Long-awaited restoration of Leonardo masterpiece delights critics in the Louvre
John Lichfield has been The Independent's man in Paris since 1997, covering French news. Before that, he was the paper's Foreign Editor and he has also worked in Brussels and Washington. In 1999, he was the UK press Awards Foreign Reporter of the year.
Friday 30 March 2012
A much-disputed face-lift given to Leonard da Vinci's final masterpiece was unveiled to the public at the Louvre in Paris yesterday.
The Virgin and Child with Saint Anne has been restored to what may be its original 16th-century colours. Although the restoration provoked controversy when it began last year, most French art critics and members of the public appeared delighted with the sparkling result yesterday.
One critic, Vincent Noce of the Libération newspaper, said that the "meticulous restoration" provided a powerful argument for the cleansing of other Leonardo works in the Louvre – including the Mona Lisa itself.
In an exhibition lasting until 25 June, visitors to the Louvre can compare the painting with the Leonardo "cartoon" from the National Gallery in London, which has been allowed to leave Britain for the first time since it arrived in the 18th century.
Both masterpieces, brought together for the first time in 500 years, show the infant Jesus on the lap of the Virgin Mary, under the loving gaze of his grandmother, Saint Anne. In the painting, unfinished at Leonardo's death in 1519, Jesus is cuddling a lamb. In the National Gallery charcoal drawing, dating from 1501 and rescued from private sale for the British national collection 50 years ago, Jesus is leaning forward to play with an infant John the Baptist.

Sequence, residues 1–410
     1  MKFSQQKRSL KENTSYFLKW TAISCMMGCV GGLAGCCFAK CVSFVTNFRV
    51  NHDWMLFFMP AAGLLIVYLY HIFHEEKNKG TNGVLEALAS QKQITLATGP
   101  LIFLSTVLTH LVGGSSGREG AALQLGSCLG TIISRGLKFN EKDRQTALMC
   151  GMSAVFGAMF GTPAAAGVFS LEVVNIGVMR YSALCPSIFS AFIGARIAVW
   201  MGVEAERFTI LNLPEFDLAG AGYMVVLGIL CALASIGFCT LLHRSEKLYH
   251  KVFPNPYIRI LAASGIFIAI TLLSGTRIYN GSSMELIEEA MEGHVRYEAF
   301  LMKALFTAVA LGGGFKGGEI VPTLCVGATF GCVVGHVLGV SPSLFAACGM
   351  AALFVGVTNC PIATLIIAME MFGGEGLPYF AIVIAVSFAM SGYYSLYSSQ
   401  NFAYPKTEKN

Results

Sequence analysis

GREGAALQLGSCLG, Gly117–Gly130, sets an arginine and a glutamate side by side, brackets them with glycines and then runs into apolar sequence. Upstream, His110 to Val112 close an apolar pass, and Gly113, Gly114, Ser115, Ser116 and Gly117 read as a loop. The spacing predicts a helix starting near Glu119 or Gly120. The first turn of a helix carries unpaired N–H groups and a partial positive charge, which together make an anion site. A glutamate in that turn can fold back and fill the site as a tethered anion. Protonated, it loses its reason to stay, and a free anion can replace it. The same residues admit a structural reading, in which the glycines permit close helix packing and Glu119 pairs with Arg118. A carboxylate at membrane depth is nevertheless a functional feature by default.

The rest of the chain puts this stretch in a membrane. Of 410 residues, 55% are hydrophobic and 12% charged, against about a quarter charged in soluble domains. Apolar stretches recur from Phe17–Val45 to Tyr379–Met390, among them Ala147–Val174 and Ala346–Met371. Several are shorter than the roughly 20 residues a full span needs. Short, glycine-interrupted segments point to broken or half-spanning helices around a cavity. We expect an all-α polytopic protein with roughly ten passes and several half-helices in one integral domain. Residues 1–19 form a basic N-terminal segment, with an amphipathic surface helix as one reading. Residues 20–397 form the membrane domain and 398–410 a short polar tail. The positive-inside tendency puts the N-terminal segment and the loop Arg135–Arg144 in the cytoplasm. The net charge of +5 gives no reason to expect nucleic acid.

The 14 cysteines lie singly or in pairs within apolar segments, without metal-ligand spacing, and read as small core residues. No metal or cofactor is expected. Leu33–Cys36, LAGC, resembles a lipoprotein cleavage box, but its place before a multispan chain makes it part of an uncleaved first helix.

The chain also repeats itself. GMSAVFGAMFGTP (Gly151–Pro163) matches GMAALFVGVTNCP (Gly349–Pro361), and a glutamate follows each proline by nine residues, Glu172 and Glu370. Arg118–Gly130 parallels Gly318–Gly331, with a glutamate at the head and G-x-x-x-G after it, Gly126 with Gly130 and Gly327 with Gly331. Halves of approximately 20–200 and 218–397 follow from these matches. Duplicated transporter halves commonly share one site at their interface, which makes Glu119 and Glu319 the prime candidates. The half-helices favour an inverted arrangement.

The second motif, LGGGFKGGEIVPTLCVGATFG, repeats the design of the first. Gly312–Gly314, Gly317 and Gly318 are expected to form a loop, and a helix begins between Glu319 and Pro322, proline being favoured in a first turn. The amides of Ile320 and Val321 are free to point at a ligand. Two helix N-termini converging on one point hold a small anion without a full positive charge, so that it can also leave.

The Saint Anne painting, commenced around 1508, was one of a number of works, including the Mona Lisa, which Leonardo (1452-1519) loaded on to the back of a donkey when he emigrated to France at the invitation of King Francis I in 1516.
After the painter's death at Amboise, on the river Loire, three years later, the paintings passed into the French royal collection. Over the centuries, the painting of Saint Anne became disfigured by yellowing varnish and botched 19th-century restoration efforts. A first attempt to restore it was abandoned 17 years ago.
Another attempt, using subtler techniques, was approved in 2009. Two of France's foremost restoration experts resigned from a Louvre advisory committee last year protesting that the cleansed painting would be brighter than Leonardo intended.
Digital recreations have suggested recently that the sombre Mona Lisa was once as bright and fresh as the restored Saint Anne, but there are no plans to give it similar treatment.
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